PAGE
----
Social Media and On-Line Political Campaigning in Malaysia

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DOI: 10.4236/ajc.2015.34014    5,629 Downloads   6,949 Views Citations
Author(s)
Sara Chinnasamy, Izyan Roslan

Affiliation(s)

University Technology Mara, Selangor, Malaysia.

ABSTRACT

Since the controversies surrounding the 2008 and 2013 Malaysian general elections due to the rising Opposition, social media networks have played a vital role in conveying political messages and debates. In 2014 there were a few state by-elections and they were influenced by the Kuala Lumpur Court of Appeal that found Anwar Ibrahim guilty of sodomy and sentenced him to five years jail (Kajang) on 23 March. He was expected to win, opening the way for him to become the chief minister of Selangor state, the country’s main economic hub surrounding Kuala Lumpur. In another event, a well known Malaysian and opposition politician, Karpal Singh, "the Tiger of Jelutong" died tragically following a motor vehicle accident. This paper analyses the influence of Facebook in the Kajang by-election and to what extent the social media impacted on the victory by Dr. Wan Azizah Wan Ismail. Using compliance gaining theory, this paper presents strategies used by the two major political parties, Barisan Nasional (BN) and Pakatan Rakyat (PR) to achieve their electoral goals. Though online political campaigning is not new from a Western perspective it is for Malaysia. To understand how the compliance gaining approach works in practice, selected political parties’ Facebook advertisements were examined within two weeks after nomination day and election observers from diverse backgrounds were interviewed. It can be concluded that since 2008 political messages have been heavily debated through blogs. Independent Internet Media, Facebook and Twitter are very popular among Malaysian political candidates and voters.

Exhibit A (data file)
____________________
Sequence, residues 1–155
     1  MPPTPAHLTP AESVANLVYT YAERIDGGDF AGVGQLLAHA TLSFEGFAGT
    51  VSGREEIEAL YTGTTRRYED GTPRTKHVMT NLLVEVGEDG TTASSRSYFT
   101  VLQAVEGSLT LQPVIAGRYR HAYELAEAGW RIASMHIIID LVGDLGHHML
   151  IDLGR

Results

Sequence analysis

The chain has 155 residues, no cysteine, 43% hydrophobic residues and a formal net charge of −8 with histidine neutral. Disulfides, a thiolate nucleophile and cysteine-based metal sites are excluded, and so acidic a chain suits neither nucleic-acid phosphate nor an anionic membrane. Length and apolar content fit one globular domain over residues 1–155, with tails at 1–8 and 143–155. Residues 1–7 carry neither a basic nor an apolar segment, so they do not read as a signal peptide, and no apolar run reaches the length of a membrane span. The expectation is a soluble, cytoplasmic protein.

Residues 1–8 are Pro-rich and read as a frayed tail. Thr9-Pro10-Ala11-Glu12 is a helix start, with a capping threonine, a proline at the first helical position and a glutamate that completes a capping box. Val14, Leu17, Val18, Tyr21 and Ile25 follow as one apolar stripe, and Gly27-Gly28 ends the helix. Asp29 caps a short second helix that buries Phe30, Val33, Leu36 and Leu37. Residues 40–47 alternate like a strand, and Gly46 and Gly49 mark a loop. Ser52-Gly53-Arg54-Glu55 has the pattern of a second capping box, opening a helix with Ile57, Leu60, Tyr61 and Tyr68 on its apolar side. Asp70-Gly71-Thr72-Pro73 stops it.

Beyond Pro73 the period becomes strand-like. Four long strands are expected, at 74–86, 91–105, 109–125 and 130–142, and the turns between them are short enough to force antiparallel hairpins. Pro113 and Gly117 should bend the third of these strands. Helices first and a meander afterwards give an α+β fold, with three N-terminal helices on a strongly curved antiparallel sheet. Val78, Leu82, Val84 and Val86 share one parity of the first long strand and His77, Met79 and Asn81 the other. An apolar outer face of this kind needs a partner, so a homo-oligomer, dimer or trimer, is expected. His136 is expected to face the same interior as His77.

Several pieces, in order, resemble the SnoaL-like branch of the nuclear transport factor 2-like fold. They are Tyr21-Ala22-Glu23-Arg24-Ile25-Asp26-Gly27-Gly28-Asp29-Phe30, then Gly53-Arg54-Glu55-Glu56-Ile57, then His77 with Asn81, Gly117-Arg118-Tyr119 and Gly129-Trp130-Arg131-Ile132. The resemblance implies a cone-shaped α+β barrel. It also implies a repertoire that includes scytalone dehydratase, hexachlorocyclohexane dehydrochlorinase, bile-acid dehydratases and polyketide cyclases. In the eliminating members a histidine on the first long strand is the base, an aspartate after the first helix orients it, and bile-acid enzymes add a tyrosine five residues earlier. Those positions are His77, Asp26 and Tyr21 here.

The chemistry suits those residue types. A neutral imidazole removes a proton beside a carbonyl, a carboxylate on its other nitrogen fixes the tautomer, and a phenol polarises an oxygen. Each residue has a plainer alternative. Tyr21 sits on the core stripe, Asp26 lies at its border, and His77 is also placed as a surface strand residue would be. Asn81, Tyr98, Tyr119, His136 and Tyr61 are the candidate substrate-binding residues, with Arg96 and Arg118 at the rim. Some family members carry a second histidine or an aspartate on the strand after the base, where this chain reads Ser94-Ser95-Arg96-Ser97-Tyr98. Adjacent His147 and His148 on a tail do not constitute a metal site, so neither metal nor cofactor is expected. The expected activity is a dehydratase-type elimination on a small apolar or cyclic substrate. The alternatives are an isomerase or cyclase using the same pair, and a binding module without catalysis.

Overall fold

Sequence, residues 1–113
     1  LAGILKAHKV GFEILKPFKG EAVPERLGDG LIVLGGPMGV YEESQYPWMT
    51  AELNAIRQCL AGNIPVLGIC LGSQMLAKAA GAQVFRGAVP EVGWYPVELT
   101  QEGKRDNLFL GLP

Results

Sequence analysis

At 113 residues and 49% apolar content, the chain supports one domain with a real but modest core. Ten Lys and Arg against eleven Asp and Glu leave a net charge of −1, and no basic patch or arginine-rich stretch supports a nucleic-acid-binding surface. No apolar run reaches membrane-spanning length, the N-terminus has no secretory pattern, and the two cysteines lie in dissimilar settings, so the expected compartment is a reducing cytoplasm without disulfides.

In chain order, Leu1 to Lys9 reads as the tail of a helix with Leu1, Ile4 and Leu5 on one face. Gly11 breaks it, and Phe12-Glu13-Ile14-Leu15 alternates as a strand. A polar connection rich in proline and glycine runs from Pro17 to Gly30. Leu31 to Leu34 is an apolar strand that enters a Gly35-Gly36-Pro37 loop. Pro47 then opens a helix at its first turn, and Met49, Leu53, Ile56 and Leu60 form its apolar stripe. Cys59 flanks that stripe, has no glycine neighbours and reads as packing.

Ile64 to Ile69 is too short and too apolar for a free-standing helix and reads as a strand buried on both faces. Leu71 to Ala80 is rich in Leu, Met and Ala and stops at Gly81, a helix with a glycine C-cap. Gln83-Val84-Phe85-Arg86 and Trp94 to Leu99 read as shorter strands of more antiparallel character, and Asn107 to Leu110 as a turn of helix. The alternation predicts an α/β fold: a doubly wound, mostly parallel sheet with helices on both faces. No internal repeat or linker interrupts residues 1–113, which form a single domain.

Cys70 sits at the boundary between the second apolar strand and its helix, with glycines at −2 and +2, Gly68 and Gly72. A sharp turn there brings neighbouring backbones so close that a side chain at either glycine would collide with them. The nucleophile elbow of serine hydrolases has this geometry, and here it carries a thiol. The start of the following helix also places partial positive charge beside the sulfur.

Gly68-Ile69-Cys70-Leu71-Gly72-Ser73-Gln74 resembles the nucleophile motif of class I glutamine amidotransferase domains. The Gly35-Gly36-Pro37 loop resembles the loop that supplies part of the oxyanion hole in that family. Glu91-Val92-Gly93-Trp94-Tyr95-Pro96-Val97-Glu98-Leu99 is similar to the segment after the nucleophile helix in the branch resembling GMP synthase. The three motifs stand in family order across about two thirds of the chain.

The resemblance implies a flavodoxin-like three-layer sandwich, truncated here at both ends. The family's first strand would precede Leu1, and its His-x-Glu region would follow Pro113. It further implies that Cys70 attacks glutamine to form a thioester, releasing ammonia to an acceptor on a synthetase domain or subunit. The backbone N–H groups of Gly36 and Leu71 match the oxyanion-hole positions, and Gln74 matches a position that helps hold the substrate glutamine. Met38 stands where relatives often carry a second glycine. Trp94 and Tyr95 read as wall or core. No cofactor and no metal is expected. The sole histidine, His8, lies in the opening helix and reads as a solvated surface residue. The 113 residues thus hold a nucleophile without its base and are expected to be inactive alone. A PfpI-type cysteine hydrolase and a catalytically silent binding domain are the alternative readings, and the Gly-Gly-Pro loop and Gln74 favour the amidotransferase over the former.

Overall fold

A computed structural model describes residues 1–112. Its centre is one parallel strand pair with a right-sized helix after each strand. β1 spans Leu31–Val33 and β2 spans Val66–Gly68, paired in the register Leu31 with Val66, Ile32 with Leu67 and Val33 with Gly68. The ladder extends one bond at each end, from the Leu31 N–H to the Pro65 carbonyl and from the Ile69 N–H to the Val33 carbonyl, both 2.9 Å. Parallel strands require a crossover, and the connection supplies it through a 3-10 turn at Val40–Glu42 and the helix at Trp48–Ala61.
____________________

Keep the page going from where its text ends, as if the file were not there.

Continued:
KEYWORDS

Malaysia, Kajang, by-elections, Facebook, General Elections

Cite this paper

Chinnasamy, S., & Roslan, I. (2015) Social Media and On-Line Political Campaigning in Malaysia. Advances in Journalism and Communication, 3, 123-138. doi: 10.4236/ajc.2015.34014.
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